Washington State is taking new steps to fight the meth epidemic.
Starting Oct. 15, the state will electronically track the purchase of over-the-counter medications containing ingredients used to make methamphetamine.
Currently, stores track the purchase of products with psuedoephedrine, ephedrine or phenyloproanolamine in manual logs.
The cashier will scan photo identification as well as the product. The NPLEx system will show the cashier if the person buying the medication has already bought the legal amount.
Under Washington law, a person can buy two packages of medication with pseudoephedrine or one package with no more than three grams of pseudoephedrine in a 24 hour period.
Since Washington started limiting the medication people can purchase, the number of meth labs and dumpsites have dropped dramatically, according to statistics kept by the DEA.
In 2010, law enforcement reported 44 meth lab incidents. In 2004, the year before the state enacted the rules, 944 were reported.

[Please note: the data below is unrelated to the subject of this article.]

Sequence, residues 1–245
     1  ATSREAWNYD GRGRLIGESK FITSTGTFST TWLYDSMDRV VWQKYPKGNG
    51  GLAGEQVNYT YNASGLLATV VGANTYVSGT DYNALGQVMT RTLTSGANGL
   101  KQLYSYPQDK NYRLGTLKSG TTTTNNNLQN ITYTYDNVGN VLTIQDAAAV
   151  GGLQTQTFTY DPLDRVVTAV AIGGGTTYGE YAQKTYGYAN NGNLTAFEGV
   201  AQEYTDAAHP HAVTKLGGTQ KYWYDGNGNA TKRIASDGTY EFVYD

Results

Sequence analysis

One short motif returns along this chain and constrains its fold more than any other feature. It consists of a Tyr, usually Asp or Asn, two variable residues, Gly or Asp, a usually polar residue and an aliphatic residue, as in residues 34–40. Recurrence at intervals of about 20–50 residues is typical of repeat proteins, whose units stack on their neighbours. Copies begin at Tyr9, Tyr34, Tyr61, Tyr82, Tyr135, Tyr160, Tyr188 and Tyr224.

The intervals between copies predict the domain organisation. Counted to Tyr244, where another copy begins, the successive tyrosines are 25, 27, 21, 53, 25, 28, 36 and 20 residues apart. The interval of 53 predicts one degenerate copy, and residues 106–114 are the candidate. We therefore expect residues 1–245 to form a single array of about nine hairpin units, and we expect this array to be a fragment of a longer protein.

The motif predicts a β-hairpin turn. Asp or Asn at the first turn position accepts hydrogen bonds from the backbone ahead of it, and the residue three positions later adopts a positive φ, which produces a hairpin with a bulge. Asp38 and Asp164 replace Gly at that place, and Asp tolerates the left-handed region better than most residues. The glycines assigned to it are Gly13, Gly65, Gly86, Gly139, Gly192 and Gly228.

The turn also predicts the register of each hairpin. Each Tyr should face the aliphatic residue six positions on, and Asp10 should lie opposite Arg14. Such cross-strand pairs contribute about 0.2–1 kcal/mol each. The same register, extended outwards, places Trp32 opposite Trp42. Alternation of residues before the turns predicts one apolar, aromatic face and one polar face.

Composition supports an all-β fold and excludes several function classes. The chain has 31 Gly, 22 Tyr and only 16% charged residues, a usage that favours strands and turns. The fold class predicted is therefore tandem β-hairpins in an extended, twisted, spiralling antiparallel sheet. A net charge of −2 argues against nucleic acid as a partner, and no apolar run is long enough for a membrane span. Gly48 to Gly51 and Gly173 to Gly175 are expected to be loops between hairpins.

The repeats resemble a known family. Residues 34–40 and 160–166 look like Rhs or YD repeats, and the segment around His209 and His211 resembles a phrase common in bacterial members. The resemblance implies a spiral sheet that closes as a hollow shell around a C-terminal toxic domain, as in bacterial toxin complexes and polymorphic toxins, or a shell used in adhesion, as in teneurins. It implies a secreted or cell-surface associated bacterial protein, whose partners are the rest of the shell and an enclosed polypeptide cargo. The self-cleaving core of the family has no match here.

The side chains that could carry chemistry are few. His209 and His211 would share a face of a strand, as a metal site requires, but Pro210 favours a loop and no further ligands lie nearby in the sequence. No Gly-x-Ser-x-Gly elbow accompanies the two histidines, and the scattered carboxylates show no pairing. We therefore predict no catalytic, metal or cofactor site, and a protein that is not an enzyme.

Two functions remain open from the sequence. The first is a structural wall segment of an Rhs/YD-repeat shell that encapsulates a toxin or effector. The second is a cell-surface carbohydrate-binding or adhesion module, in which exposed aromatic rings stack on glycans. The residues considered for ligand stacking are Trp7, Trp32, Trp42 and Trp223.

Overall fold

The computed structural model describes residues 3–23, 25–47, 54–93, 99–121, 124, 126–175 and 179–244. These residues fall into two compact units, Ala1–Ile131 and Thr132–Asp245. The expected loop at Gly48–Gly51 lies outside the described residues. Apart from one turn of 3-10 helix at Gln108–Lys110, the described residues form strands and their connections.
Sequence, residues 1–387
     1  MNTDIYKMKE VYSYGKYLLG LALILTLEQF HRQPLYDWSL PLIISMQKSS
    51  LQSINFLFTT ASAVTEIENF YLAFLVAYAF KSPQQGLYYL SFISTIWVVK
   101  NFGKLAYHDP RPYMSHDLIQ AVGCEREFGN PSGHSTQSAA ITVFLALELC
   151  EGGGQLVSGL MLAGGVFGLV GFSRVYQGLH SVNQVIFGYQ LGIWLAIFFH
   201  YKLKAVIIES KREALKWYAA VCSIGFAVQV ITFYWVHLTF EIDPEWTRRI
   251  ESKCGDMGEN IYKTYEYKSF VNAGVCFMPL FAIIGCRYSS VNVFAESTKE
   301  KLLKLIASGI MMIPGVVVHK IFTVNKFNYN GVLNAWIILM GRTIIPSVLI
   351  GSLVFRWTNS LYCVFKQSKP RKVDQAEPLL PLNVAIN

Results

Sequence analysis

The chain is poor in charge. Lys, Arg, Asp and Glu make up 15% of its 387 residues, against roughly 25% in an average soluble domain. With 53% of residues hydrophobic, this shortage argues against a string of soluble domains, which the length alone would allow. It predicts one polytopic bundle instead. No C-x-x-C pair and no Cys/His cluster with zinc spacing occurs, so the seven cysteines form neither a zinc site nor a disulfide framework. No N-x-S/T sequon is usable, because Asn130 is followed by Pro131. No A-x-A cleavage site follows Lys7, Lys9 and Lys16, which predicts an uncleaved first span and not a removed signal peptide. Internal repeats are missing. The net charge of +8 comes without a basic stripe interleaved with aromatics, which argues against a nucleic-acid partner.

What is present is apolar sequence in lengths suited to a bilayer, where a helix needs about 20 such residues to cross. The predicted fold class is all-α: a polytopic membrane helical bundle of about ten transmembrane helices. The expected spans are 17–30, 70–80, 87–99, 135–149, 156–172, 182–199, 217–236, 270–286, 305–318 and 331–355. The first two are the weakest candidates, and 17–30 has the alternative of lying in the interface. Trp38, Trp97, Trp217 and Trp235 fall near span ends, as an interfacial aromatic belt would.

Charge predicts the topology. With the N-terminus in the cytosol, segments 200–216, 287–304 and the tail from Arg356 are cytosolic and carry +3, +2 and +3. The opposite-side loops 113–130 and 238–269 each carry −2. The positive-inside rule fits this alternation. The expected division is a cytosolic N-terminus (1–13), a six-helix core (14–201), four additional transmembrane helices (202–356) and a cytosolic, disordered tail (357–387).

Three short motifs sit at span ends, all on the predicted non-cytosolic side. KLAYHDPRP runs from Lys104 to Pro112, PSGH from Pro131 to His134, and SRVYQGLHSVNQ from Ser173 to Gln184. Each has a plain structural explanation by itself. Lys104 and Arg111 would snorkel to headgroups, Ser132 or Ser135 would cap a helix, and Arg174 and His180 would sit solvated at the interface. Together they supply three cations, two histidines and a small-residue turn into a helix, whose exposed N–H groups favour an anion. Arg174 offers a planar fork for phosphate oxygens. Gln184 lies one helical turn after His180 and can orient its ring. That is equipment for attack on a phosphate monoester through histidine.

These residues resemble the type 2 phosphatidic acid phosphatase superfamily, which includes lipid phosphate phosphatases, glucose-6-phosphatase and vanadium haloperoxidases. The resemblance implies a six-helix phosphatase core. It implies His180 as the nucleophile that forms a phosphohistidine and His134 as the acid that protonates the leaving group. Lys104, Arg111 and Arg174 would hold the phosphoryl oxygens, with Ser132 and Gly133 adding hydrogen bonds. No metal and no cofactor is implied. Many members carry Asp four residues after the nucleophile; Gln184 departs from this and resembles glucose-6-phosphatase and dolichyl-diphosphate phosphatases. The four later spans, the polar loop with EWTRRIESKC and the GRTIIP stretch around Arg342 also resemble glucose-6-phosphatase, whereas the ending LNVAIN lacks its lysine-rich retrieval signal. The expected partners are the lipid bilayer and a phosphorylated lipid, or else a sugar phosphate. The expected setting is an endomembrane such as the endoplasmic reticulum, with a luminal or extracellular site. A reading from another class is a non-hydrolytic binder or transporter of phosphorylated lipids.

Mike Cooke, who has 22 years of law enforcement experience in Washington, would like to see the state follow Oregon's lead of making pseudoephedrine available by prescription only.
"The idea of limiting the product you can buy has been helpful. The tracking system may be an extra layer on top of that," said Cooke, who is also a criminal justice instructor at Portland Community College. "The reality is, short of a prescription, most people are going to do what they need to do if their intent is to make meth. A tracking system's not going to stop them."
Copyright KPTV 2011. All rights reserved.